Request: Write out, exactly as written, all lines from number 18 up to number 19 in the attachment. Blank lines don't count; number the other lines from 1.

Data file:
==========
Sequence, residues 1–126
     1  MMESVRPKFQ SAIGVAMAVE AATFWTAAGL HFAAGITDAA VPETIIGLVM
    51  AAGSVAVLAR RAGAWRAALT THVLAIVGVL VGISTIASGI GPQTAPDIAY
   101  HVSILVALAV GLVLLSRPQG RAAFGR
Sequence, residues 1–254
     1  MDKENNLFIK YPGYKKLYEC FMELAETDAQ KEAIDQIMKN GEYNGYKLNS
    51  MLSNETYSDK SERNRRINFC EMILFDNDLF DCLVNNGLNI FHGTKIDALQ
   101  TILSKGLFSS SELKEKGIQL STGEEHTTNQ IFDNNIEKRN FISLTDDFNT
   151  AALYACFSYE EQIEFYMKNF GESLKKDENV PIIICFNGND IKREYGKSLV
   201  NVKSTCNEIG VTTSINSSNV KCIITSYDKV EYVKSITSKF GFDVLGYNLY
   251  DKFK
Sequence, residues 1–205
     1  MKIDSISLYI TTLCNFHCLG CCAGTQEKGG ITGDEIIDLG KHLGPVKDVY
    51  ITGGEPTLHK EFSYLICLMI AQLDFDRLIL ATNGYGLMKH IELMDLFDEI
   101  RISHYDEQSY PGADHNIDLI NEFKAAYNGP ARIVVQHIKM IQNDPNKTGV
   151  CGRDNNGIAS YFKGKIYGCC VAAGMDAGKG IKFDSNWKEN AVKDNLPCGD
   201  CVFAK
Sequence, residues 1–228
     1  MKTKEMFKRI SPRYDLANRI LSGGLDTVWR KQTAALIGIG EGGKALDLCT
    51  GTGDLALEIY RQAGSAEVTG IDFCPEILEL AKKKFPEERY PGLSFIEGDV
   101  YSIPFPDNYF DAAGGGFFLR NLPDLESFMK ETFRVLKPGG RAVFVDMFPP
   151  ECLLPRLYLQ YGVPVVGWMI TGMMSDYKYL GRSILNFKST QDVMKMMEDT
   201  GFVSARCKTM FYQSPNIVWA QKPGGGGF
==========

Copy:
Sequence, residues 1–228
     1  MKTKEMFKRI SPRYDLANRI LSGGLDTVWR KQTAALIGIG EGGKALDLCT